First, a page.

Biography of Yehuda Katz | Archives | This Week's Parsha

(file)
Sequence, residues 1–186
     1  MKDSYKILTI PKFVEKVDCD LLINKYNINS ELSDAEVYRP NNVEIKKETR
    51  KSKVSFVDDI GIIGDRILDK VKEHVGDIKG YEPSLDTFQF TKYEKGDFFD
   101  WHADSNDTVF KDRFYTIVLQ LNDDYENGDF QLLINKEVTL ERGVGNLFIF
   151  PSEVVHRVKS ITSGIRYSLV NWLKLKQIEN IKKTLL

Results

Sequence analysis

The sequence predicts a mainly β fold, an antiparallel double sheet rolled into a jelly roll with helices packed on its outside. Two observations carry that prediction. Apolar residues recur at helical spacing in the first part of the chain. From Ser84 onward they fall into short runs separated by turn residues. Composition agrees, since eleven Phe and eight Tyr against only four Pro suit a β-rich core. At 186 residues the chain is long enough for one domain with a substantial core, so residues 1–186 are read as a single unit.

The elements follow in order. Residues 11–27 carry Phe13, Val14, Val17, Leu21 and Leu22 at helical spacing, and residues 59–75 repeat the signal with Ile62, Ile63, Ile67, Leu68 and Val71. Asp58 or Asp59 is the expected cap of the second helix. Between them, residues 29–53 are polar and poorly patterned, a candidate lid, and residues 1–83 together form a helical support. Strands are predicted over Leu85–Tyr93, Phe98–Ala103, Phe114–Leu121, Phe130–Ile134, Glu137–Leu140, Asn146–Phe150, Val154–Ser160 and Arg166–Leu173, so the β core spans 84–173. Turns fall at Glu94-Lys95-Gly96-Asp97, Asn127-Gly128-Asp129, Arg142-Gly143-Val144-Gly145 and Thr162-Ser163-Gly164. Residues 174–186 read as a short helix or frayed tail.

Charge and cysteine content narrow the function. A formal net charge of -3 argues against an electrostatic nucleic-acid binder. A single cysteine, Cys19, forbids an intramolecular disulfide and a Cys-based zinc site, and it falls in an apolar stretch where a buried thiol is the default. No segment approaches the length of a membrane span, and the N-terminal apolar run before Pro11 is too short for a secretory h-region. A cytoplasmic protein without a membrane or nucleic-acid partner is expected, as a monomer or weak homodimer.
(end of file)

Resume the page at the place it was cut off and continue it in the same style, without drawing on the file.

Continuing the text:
"And she took of the fruit and ate, and she also gave to her husband with her and he ate.And the eyes of both of them were opened, and they became aware that they were naked." (3:6-7)question can be asked on this verse as follows:If Chava (Eve) ate the fruit first, she should have been the one to realize their nakedness first. Yet, its apparent from the verse that they both discovered this simultaneously.Why? I would like to propose an original answer to this question , Bezrat Hashem. We can also learn a very valuable lesson. Before eating the fruit, Adam and Chava, were in a different realm of existence. They both had the ability to only see the greatness inherent in each other. Yet after sinning (Eating the fruit) this all changed. When the Torah uses the term 'nakedness', it can also mean a person's faults. Adam and Chava were now focusing on each others lowliness as opposed to each others greatness. Their whole innate natures changed. When Chava ate of the fruit initially, Adam as of yet had not eaten the fruit. When Chava saw him at that moment, he was still free of sin. His stature was still great, free of faults. Similarly, when he saw her at that very moment, he was still pure and not capable of seeing her faults. However, only after both had partaken of the fruit were they then capable of seeing each others faults. Therefore, the Torah informs us that their status had changed simultaneously only after both had partaken of the fruit could this possibly occur. Before eating the fruit, Adam and Chava could only see each others greatness, yet after all they could see was each others downfall. They saw their 'nakedness' , namely their faults and sins. This can , perhaps, give us an idea of their status before and after the eating. Before eating they were in a state of possessing an "EYIN TOV" (GOOD EYE), yet after eating this attribute was harder to acquire. It will take more of an effort to initiate. Being able to see another persons greatness is indeed very difficult. Its easy to see ones failings without any effort whatsoever. This was truly Man's downfall. But we have a choice to perhaps live as Adam lived before the sin, or after. WE find a very interesting story in the Talmud or Medrash (I was unable to find the exact source of the story.) as follows: A great Sage was once walking with his students, and they encountered an animal carcass on the road. The students remarked concerning the bad odor emanating from the dead animal, yet the Sage remarked regarding the beautiful white teeth of the animal. It is evident that the Sage lived his life like Adam before the sin, yet the students chose to live their lives like Adam after the sin. The Sage wanted to teach his students this valuable lesson.Its true that we must not be blind to another's faults, and we are obligated to try to help people correct their bad ways. However, in order to successfully accomplish this we must first be willing and open to see that very person's greatness. Do we want to live with an "Ayin Tov", or not? Their is good to be found in anything, are we willing to discover it? Can we see the greatness in others? Can we see the greatness in ourselves? Have a good Shabbos.
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